News reports indicate that this legislation originated at least in part in connection with a downtown Cleveland development project. Since the origination of this bill in the General Assembly’s last session, that project has been downscaled. While it still would appear to meet the terms of the credits, this underlines one flaw in the bill: While it requires estimated costs of the project to exceed $50 million, final costs need not. Though the amount of the credit may be reduced on a pro rata basis under the bill if such costs are lower than expected, this raises a question: Will all of these projects in fact be “transformational” as the bill makes out? Conversely, if actual development costs exceed the estimated development costs, the value of the credit is increased accordingly. So there would no cap on the credit for a project that spirals upward in value because of cost overruns or other factors.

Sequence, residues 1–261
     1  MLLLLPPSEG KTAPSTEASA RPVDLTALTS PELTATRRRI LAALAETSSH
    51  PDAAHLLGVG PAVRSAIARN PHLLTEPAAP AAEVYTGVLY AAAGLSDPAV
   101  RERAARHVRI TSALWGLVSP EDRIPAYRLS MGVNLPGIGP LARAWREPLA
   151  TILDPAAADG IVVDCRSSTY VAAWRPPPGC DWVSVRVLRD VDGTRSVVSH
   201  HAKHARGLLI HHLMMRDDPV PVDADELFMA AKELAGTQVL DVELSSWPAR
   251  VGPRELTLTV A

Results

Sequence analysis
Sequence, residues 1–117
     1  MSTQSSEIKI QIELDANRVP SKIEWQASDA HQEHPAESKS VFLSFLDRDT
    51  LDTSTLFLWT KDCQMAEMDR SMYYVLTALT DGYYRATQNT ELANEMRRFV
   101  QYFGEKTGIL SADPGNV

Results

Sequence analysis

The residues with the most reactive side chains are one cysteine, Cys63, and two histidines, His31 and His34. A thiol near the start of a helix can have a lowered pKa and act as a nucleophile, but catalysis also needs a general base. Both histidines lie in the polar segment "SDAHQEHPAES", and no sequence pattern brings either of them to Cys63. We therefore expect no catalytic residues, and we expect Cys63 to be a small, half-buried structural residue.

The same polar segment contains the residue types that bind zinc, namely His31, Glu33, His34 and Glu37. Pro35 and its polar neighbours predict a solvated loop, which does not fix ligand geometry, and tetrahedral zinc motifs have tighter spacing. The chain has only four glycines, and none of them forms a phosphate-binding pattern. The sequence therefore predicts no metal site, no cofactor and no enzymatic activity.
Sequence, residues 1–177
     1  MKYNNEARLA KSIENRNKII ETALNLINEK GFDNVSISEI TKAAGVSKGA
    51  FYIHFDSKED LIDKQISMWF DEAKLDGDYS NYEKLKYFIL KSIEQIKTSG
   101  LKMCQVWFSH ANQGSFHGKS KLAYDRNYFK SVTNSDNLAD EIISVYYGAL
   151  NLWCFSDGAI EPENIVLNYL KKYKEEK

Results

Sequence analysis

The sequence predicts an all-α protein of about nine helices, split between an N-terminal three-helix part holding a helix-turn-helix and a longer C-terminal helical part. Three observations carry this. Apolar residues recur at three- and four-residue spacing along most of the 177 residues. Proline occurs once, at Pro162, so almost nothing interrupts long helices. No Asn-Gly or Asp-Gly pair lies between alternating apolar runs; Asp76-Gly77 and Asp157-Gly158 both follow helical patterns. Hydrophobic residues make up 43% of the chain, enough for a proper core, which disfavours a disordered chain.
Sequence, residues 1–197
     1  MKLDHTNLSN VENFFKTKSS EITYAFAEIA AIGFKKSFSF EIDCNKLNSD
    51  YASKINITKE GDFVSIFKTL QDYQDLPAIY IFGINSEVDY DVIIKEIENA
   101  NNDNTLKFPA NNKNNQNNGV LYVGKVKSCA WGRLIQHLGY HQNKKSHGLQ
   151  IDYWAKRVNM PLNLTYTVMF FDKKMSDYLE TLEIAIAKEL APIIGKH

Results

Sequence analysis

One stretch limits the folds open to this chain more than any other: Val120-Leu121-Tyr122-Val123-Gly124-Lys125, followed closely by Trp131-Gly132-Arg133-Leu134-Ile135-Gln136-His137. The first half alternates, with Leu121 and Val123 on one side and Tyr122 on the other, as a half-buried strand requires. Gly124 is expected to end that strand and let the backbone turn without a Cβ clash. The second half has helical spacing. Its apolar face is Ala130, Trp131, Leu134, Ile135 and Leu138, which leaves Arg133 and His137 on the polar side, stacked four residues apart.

We have no idea what the cost of this credit will be. The Legislative Service Commission in its fiscal note said the number of projects to be approved is undetermined. Each project could cost $5 million or more. It is feasible and necessary for the General Assembly to find out how many such projects have been started and completed across the state in recent years, as well as how many may be in progress. Lacking such an estimate, it is financially irresponsible to approve this new credit. At a minimum, the bill should include a cap on the total amount allowed to be awarded each year.